Tsunami Response: Psychosocial Care Report

On 26th December 2004 the Asian Ocean Tsunami claimed the lives of over 300,000 people and left many more displaced, homeless, and irrecoverably changing lives.
Action Aid responded to the mammoth disaster with a multi-country emergency programme, targeting the most vulnerable in coastal regions of India, Sri Lanka, the Maldives, Thailand and Somalia.
Amidst wide-scale humanitarian relief, medical assistance and food distributions, Action Aid recognised the essential need for community-based social reconstruction. The need to rebuild hope, trust and confidence in shattered societies.
Based on experience from previous large-scale disaster responses, Action Aid recognised the importance of rapidly rebuilding support mechanisms and community-based social structures.
Using the community-based psychosocial care approach, Action Aid has set about empowering communities through rebuilding hope, confidence and giving people a voice to speed up the recovery process.
This study aims to understand the processes of establishing and implementing the psychosocial support programme in three of the five tsunami response countries – the Maldives, India and Sri Lanka – during the first twelve months since the tsunami.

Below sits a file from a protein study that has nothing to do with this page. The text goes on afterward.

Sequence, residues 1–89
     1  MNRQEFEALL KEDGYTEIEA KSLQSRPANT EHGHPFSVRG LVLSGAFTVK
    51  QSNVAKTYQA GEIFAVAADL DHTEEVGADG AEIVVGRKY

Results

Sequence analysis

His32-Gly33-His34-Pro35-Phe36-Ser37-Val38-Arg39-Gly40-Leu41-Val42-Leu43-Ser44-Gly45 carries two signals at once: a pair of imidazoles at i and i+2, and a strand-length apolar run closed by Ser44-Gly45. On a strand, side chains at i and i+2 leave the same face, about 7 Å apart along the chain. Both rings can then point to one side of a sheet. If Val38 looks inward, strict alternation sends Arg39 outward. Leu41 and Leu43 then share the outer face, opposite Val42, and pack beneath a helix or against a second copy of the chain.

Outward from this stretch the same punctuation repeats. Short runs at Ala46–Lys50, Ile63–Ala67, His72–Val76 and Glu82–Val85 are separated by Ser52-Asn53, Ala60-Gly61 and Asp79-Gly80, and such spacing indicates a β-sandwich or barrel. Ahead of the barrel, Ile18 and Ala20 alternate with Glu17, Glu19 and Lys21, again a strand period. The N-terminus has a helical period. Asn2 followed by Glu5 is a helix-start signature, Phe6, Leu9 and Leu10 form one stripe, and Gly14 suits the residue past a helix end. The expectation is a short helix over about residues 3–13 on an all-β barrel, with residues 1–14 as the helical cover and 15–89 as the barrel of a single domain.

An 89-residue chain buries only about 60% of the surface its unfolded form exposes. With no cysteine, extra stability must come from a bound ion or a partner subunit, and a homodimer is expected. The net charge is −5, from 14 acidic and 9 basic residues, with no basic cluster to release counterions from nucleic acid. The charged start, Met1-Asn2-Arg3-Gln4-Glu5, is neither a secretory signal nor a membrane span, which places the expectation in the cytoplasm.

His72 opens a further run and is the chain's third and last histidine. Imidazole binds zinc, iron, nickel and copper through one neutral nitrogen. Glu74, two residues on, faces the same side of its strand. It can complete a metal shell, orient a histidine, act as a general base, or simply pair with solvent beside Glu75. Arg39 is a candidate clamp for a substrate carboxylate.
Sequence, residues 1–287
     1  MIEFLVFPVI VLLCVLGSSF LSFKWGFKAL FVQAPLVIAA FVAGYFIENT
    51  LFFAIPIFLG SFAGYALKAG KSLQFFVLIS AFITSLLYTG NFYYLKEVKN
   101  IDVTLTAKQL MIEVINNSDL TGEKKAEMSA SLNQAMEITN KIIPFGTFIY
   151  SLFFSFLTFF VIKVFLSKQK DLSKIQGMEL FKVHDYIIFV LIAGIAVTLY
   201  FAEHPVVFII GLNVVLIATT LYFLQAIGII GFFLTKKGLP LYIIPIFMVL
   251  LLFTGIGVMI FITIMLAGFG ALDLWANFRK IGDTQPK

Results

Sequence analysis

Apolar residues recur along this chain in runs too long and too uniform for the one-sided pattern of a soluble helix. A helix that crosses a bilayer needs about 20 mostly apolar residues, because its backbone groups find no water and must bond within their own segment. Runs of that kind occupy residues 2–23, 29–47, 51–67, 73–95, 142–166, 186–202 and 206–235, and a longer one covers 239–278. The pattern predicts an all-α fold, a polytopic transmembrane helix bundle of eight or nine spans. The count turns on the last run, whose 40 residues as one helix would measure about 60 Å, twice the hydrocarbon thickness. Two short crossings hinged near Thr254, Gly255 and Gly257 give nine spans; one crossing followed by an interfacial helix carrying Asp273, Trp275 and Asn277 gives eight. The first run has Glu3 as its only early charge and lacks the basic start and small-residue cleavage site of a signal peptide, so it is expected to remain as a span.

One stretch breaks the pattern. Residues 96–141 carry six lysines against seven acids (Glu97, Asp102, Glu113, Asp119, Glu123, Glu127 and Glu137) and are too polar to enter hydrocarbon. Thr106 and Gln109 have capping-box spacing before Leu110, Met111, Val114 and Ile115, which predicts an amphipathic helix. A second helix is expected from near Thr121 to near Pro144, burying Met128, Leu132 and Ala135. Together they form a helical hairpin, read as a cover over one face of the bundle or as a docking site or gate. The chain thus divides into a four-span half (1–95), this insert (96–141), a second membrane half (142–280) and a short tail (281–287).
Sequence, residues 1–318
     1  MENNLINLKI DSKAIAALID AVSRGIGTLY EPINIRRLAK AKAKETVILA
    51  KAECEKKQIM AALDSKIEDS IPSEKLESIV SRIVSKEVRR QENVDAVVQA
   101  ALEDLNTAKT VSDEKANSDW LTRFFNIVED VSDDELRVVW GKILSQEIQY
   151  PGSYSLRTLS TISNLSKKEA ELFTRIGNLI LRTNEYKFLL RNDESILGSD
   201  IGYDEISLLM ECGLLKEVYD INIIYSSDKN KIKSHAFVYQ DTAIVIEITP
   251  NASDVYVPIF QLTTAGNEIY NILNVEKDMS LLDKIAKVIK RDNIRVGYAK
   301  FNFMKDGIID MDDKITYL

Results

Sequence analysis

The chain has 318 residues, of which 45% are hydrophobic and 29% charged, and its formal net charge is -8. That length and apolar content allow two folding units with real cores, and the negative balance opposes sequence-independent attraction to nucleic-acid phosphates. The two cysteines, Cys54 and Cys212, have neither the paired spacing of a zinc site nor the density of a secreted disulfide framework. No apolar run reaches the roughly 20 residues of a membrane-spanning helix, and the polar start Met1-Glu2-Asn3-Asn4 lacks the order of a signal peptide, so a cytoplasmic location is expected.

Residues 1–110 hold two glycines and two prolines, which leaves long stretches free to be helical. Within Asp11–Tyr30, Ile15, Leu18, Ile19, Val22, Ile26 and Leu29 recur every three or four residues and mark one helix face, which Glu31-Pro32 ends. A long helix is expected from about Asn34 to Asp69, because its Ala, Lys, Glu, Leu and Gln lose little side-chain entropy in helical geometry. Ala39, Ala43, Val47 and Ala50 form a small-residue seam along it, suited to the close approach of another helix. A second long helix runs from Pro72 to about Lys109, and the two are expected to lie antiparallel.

This report focuses upon the information gathered during the research from respondents who were specifically asked for their suggestions/ opinions concerning strengthening psychosocial support in disaster situations. The research described in this report documents guiding principles for psychosocial programmes adopted in the three countries. This report aims to bring conceptual clarity to psychosocial support interventions and addresses the important questions of ‘how’ and ‘why’, as well as high lighting potential operational challenges. The hope is that this will be a learning tool to guide psychosocial support implementation for future emergencies.

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